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Why Saw Teeth Profiles Look Mis-sized

DSC_0043I am often asked how to tell the difference between crosscut and ripcut teeth on handsaws visually. As you mostly know, I don’t separate my saws by one or the other until the teeth get bigger than 10PPI and then I might sharpen say a 7PPI saw as dedicated crosscut or ripcut and keep two saws to that end. Mainly thats’s because the larger toothed saws become unsuited to crosscutting whereas smaller toothed saws will aptly cut with and across the grain because the teeth are more commensurate to the grain fibres of wood.DSC_0051

Some have queried why the teeth of the saw were uneven in height, with the teeth alternating high and low. There are a couple of reasons this happens. Sometimes, often, when you buy a secondhand saw the teeth can be way out. In such circumstances I often file the teeth to get to clean steel before I begin resizing and reshaping the teeth to even out disparity. After the teeth are filed thus, I go back in and top the saw teeth to get the height down and then I work either side of the wide flats atop the teeth to equal out the size. This is simply a question of forcing the file laterally and down into the gullet rather than just down into the gullet. On the other hand, when you see a crosscut saw from one side, the teeth can look remarkably uniform but with the alternate teeth being smaller than the adjacent ones. That’s how it might look in this image here.P1170042 Hence the question, “Whats the deal with the teeth here, Paul,? These teeth look like cows and calves? The term cows and calves meaning large and small or simply uneven. The reality is really a little illusional. These teeth are all the exact same height and size and the saw is brand new and sharpened only by the manufacturer.

I took a couple of images I took for my book to bring closer visual for contrasting ripcut and crosscut tooth profiles. On eBay mosts saws will be sold as crosscut saws because most people selling them have no idea what the difference is.


In this image you can see the side profile of the crosscut saw. You can see how only the inside of these teeth are profiled with twin bevels culminating in a pinnacle tooth profile and cutting point rather than a chisel point. By inside I mean that the tooth set creates an inside aspect and an outside aspect. Above you can see the teeth either side of the centre one are flat on the outside, but on the face you cannot see the teeth have the same profile as the centre one. This creates the dynamic of pointed teeth we need for some (not all) crosscutting work.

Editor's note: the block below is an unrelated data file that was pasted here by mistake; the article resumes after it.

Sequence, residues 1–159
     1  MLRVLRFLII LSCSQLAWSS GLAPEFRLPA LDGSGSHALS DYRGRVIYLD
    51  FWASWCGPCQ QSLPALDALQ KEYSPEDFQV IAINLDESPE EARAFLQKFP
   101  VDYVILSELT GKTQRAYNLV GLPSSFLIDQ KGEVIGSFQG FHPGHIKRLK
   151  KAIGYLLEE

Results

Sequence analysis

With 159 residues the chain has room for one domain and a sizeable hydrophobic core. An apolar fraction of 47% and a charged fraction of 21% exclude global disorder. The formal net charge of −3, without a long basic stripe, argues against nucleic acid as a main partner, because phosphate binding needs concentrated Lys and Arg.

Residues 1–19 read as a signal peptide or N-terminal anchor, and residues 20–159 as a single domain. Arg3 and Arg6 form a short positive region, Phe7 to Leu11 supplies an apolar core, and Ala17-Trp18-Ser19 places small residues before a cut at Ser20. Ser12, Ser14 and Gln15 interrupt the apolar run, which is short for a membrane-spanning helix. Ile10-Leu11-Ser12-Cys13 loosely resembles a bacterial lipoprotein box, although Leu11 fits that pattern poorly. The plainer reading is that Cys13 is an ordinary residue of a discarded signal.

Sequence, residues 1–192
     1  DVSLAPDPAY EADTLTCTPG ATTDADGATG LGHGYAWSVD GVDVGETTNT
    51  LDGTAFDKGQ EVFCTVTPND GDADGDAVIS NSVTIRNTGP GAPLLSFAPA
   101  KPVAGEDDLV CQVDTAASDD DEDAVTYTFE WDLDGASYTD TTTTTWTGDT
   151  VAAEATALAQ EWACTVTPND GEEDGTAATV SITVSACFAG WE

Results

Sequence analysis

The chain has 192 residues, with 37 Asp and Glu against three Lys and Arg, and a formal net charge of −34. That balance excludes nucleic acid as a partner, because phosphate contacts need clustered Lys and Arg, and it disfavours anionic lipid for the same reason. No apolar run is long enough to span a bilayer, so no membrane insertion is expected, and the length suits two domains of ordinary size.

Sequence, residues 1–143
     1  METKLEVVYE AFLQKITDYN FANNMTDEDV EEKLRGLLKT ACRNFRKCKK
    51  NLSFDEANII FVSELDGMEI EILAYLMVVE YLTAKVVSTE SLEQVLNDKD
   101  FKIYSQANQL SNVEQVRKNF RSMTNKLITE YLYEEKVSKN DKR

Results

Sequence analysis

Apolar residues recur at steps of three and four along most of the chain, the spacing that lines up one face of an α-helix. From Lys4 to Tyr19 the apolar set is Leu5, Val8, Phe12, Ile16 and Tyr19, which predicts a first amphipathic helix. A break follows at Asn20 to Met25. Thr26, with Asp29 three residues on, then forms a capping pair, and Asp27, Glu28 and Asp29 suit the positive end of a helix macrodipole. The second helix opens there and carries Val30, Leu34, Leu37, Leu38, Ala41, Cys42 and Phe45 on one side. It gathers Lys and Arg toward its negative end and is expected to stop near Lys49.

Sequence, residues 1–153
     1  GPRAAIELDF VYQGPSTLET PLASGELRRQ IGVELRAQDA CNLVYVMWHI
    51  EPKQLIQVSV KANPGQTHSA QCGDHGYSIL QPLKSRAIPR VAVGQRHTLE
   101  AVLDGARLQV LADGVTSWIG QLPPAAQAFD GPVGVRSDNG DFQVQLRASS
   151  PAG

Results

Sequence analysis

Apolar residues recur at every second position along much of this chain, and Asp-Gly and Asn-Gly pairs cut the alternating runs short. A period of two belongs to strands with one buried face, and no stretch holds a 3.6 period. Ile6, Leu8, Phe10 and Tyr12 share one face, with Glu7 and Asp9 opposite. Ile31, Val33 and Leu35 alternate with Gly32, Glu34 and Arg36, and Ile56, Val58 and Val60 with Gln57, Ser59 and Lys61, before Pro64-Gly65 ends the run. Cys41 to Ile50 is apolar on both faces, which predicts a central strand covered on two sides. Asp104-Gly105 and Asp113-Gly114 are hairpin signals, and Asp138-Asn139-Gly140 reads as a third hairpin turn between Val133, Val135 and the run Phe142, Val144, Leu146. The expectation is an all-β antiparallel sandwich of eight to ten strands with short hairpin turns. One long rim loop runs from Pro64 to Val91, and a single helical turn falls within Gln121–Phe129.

Here you can compare the ripcut pattern which has no bevelling to the inside of the teeth. This is the easiest of the two methods of sharpening; that’s crosscut and ripcut patterns. The tooth sizing in the above images are exactly the same.


Here is a wider aspect of the crosscut tooth pattern so you can see that the teeth do look large and small yet the points are all the same height. It all depends on how the light catches the tooth profile.


  1. Joystick on 1 April 2016 at 10:25 am

    Your explanation of the visual differences between rip and cross-cut saw teeth is as usual, both precise and concise. Nice photo’s too. Thank you. I had through your previous videos, blogs et al, a good idea of the differences but this just perfectly confirms it all. The optical illusion sometimes seen in photographs is interesting to note and now explained should remove doubts from some observers.
    I am also enthused to make the magnetic saw vice shown in your previous post. It so perfectly sums up the KISS principle, keep it simple stupid.
    I already use magnetic tool holders both in my work van (self employed electrician) and in my kitchen (the 15″ long ones – bought cheaply from Lidl) and I have not noticed any residual magnetic properties on the tools or kitchen utensils. I think the magnetisation of steel would be more permanent if the magnet was continuously and consistantly wiped across the tool, not just placed on the tool.

  2. Brett Ryan on 1 April 2016 at 12:46 pm

    I am very much looking forward to getting your book 🙂

  3. simsybloke on 1 April 2016 at 11:38 pm

    Hi Paul,

    I understand all the above, I think perfectly… There’s just one thing I am still not 100% clear on, and I’ve tried searching all over the internet without joy… that’s which way round the “set” goes on a crosscut …

    I THINK you may have cleared it up with your sentence;

    “You can see how only the inside of these teeth are profiled with twin bevels culminating in a pinnacle tooth profile and cutting point rather than a chisel point.”

    Does that mean that in the first picture in this blog the middle tooth, (the one which we can see has filed angles on it’s sides), is pointing away from us when set, and the other two teeth, (which have the flat sides, towards us…

    And as I write that I realise a simpler way to put it is that when “setting” a crosscut it’s “flat side outwards”

    Is that right?

    Thanks again,


    Matt Sims

  4. simsybloke on 2 April 2016 at 9:51 am

    Thank you!


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